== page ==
TABASCO: The Eye Opener
Quick — name a drink that uses TABASCO.
I’m going to take a wild guess and say you offered the Bloody Mary. Possibly the Snapper or the Caesar. Or, if you’ve built an appreciation for cocktailia arcana, you might have conjured up a Bullshot or Praire Oyster. Whatever your choice was, it certainly had something in common with all other famous TABASCO drinks, beyond the hot sauce itself, of course. Your choice was a restorative.
In our previous post, we talked a bit about the stomach-settling, appetite-promoting qualities of the chili pepper family. It should come as little surprise then that the place where these qualities are most needed is the very same place you’re likely to find TABASCO applied in alcoholic drinks. That place would be the land of the hair-of-the-dog. Whether you’re enjoying a brunch with friends or reaching for a little assistance with last night’s hangover, the combination of hot peppers, herbal notes, and a small-to-medium serving of alcohol can be just the thing to set the world right again.
For years, one of our favorite places to enjoy brunch and a Soju Bloody Mary has been the Ramos House Cafe in San Juan Capistrano, California. Maybe it’s the Orange County location, but the Ramos feels like the perfect Disneyland restaurant — charming, staffed with cool, beautiful people, and adjacent to a major attraction, namely the Pacific Surfliner Amtrak line. Take the train down, hop across the tracks, and you’re there. It would have been natural to wrap up our salute to TABASCO with a Bloody Mary, and the one made by the Ramos House’s Chef/Owner John Q. is among our favorites. He garnishes the drink with pickled green beans and crab claw skewering a Scotch quail egg. Wow, what a drink. Yes, we should be offer you a great Bloody Mary today. But, that would be too easy. Instead, today we’re doing a riff on the Scotch egg which John Q. uses as a garnish for his drink.
When I returned from my visit to Avery Island, a Cajun variation of a Scotch egg was the first recipe I decided upon. If you’re not familiar, a Scotch egg is a hard (or semi-hard) boiled egg encased in a layer of sausage, rolled in breadcrumbs and fried. As brunch or corpse-reviver fare goes, it’s hard to beat a Scotch egg, especially if you’re also drinking. When asked about the Bloody Mary/Scotch egg combo by Wine Enthusiast magazine, Chef Q. replied, “Together they will erase most any hangover.” Along with chili peppers, eggs are a great post-drinking binge restorative. An article found in The Times of India offers that “eggs contain cysteine which helps break down the acetaldehyde (a by-product of alcohol metabolism) content in the body.” Then, you have the protein of the sausage, which helps restore amino acids depleted by the alcohol. On every front, the Scotch egg is helping you get back on your feet.
Of course, if we couldn’t do a Bloody Mary today, we sure enough couldn’t do your run-of-the-mill Scotch egg. We needed something more 12 Bottle Bar, and of course, since we’re celebrating TABSCO, something way more Cajun. Our first step was to replace the standard hard boiled egg with a pickled egg. Pickled eggs are old-timey bar food, and rightfully so (see eggs and alcohol, above). Moreover, they are delicious. For our standard pickled eggs, we add sliced jalapenos and some ginger. Here, we replace all the herbs and flavorings with a bit of TABASCO — the Chipotle variety, to be exact — which does all the spice and depth-of-flavor delivery for us. The Chipotle adds a warmth which perfectly complements the richness of the egg.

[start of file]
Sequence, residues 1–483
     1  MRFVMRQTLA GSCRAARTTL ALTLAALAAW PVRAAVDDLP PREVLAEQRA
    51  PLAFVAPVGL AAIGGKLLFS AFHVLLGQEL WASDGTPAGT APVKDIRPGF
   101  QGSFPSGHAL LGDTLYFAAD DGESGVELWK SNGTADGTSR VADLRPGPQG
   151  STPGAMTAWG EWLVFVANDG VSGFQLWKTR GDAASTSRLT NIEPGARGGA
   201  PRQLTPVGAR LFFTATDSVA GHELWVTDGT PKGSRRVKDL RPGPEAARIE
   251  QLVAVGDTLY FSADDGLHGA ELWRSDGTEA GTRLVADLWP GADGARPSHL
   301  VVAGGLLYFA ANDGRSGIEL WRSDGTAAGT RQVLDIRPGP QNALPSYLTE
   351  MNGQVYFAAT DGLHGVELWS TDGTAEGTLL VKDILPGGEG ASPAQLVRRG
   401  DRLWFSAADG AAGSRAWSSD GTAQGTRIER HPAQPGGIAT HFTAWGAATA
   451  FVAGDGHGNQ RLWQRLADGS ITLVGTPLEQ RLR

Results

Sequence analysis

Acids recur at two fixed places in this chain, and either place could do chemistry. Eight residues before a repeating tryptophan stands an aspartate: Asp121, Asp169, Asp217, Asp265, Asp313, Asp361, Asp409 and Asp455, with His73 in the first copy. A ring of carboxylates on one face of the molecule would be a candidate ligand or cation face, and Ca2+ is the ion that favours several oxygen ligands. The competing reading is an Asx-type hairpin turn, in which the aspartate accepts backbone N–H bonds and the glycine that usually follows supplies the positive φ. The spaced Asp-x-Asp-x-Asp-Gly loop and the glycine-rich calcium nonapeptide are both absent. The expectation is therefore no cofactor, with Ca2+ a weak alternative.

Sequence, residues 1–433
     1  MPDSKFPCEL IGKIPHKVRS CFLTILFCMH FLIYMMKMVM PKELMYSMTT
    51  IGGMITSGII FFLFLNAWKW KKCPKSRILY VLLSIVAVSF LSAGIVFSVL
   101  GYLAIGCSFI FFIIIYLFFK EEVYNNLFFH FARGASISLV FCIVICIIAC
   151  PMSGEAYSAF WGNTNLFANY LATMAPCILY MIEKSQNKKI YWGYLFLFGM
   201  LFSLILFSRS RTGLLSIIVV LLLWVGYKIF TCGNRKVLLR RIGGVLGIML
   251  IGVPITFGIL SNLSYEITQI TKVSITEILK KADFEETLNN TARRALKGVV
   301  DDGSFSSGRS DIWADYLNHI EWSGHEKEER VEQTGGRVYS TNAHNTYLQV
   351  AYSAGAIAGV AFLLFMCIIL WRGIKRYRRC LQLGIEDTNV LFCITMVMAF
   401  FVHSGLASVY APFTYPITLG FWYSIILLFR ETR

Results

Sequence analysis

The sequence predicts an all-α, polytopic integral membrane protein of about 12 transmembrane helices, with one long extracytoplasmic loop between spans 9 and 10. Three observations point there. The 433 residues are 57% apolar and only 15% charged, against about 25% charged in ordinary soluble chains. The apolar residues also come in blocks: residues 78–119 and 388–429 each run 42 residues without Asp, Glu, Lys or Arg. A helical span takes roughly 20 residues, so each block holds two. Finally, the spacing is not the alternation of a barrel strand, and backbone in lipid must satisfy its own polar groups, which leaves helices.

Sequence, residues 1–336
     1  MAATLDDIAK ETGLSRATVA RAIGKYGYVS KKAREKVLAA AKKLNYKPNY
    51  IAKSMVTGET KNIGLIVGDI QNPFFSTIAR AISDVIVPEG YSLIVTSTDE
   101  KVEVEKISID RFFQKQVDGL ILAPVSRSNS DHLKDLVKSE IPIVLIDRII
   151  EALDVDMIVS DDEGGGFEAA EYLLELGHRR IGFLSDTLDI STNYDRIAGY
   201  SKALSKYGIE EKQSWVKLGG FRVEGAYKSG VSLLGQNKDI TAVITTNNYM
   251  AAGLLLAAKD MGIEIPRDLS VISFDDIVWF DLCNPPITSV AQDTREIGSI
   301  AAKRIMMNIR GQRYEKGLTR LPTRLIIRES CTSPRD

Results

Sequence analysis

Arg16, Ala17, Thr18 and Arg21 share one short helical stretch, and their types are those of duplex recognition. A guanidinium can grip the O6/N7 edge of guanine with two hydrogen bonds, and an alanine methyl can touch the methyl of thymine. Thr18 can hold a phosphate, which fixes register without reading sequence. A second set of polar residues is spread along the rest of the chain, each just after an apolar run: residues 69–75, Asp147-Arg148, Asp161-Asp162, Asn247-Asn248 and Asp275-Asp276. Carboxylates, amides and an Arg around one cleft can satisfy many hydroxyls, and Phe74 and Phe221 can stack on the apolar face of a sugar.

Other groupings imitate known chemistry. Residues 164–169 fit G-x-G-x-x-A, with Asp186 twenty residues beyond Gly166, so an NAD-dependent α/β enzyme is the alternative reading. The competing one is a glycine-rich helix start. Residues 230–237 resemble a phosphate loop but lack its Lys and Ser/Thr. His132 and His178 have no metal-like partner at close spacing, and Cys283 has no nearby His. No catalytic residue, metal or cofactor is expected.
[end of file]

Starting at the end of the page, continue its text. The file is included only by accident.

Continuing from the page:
The next change was to substitute the any-old sausage called for in many Scotch egg recipes with a great Cajun boudin. Comprised chiefly of pork and rice with bits of liver and blood, Cajun boudin (not to be confused with the French variety of the same name) is a wonder — rich, hearty, and just spicy enough. Like most great Cajun food, making boudin is a balance of carefully harmonizing ingredients and good old gut know-how. Not having the latter, we sought out someone who did (you can also find boudin online). Louie’s of Mar Vista is the place our Cajun friends make a pilgrimage to on Sundays to exchange cries of “Geaux Saints!” Chef/Owner John Atkinson is not only one of the more gracious chefs we’ve met, he also makes some amazing Southern fusion food, a fact we learn when we visited the restaurant for a Museum of the American Cocktail event focused on the drinks of New Orleans. Within an hour of leaving a message for Chef Atkinson, he respond that he had house made boudin on hand and would happily provide me with what I needed. If you live in the Los Angeles area and haven’t made a trip to Louie’s, do yourself a favor. Chef’s boudin follows the traditional profile; “It’s not so much a recipe as a mixture of those things (pork, rice, liver, blood, spices),” he texted me. “Make what you like and always respect the protein”.
If making a Scotch egg seems daunting at all, it shouldn’t. Nothing could be easier. Simply roll the hard boiled (or pickled) egg in flour, wrap it in a patty made of the sausage (the sausage should be raw and uncased), coat the sausage in bread crumbs, and fry. Here, the TABASCO Chipotle in the pickled egg and the boudin have done almost all the seasoning work for you; all that you need to do is assemble. Traditionally, you might pair a Scotch egg with a mustard sauce or remoulade. In order to counter the inherent spice of the eggs, we offer a tamer, brighter sauce here — and work in a bit of one of our favorite TABASCO varieties, Sweet and Spicy.[ultimate-recipe id=”8360″ template=”default”]
Is the Scotch egg the prefect hangover cure? When combined with the proper re-constitutional, it just might be. Even if it doesn’t perform miracles, it certainly makes the process of recovery a great deal more enjoyable.